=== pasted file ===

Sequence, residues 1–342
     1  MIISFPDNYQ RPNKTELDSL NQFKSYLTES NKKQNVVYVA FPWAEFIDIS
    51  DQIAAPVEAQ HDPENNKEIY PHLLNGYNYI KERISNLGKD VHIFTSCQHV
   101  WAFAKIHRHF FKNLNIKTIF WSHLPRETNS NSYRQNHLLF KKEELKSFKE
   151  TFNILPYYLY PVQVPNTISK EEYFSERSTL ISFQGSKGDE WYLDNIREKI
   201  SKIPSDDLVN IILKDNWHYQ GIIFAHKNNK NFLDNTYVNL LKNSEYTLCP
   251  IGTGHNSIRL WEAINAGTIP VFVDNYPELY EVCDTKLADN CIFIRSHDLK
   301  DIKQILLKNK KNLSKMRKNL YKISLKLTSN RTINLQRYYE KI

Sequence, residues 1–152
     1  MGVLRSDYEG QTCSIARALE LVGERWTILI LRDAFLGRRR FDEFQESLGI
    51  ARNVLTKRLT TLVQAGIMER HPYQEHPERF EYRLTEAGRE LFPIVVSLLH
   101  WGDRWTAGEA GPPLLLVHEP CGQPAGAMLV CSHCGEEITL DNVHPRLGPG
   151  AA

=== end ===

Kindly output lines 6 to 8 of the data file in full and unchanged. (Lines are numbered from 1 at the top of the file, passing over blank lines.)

   201  SKIPSDDLVN IILKDNWHYQ GIIFAHKNNK NFLDNTYVNL LKNSEYTLCP
   251  IGTGHNSIRL WEAINAGTIP VFVDNYPELY EVCDTKLADN CIFIRSHDLK
   301  DIKQILLKNK KNLSKMRKNL YKISLKLTSN RTINLQRYYE KI